And they did have silks, and fine-twined linen; and they did work all
manner of cloth, that they might clothe themselves from their nakedness
Silk (or silks) is mentioned in the Book of Mormon five separate times. Two of these are Jaredite references (Ether 9:17; 10:24) and three Nephite (1 Ne. 13:7-8; Alma 1:29; Alma 4:6). The references in Ether implies that the Jaredites at least possessed silk garments, and probably produced them.
These references have generated criticism from critics of the Book of Mormon because silk production was unknown except in China until after the time of Christ. So the question naturally arises “how did the Jardites acquire this technology?” Critics have enthusiastically used this supposed “error” as one reason to reject the Book of Mormon, thus claiming it is untrue and a fabrication by Joseph Smith. Even many supporters of the book seem at a loss to explain the existence of silk in the Book of Mormon.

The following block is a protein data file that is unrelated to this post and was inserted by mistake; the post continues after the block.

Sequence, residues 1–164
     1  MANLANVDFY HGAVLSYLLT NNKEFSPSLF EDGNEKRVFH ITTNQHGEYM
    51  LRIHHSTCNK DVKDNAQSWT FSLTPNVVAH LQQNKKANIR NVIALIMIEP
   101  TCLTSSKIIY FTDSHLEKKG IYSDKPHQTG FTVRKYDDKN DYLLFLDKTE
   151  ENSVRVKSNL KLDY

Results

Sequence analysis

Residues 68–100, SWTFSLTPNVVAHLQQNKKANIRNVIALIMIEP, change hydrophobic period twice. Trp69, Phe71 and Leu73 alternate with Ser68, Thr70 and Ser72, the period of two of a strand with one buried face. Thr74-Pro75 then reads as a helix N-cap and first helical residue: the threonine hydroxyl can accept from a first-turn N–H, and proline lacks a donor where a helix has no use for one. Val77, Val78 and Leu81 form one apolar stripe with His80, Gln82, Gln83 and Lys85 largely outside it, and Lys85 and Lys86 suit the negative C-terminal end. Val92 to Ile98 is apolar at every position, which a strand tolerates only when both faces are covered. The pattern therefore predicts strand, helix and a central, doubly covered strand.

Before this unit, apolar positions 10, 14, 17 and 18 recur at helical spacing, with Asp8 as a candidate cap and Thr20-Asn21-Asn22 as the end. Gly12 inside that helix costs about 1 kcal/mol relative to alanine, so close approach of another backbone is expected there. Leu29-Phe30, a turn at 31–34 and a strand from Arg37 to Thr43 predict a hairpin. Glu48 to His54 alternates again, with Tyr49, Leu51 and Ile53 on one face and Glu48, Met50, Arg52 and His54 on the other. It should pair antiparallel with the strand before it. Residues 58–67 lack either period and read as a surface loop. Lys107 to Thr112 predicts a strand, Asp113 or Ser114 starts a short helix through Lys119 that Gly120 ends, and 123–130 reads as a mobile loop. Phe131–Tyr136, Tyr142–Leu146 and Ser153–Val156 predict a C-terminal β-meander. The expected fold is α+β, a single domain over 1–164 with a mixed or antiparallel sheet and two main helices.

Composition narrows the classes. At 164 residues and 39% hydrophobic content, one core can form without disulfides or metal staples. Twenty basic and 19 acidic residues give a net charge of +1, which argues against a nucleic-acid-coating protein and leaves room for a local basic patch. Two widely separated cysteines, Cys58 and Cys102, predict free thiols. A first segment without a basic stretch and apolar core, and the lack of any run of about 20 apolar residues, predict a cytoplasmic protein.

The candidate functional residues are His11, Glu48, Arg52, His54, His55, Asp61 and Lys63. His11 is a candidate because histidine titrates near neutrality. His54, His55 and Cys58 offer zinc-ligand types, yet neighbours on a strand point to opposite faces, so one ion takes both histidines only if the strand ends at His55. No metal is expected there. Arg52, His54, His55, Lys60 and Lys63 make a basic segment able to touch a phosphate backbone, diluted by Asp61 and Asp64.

But what if we assume the Book of Mormon claim is correct and that these people actually did have the knowledge and skill to manufacture silk fabric. What are the implications of this assumption? In my opinion the possession of silk implies that the Jaredites had early contact with China. Specifically, that the Jaredites passed through China during its early history, crossed the Pacific Ocean, and landed on the western coast of the new world. But before we explore these implications, let us briefly review the background and history of silk.
Sericulture, or silk production, has a long and colorful history, unknown to most people. Silk is a strong, thin fiber which is produced by various species of silk moths during the process of constructing their cocoons. Silk has been used in cloth making for about 4000 years, and produces a sheer, lustrous, beautiful fabric which has been prized by the nobility and the wealthy for centuries. It was a Chinese monopoly for approximately 2000 years, and has been a major export from both ancient and modern China.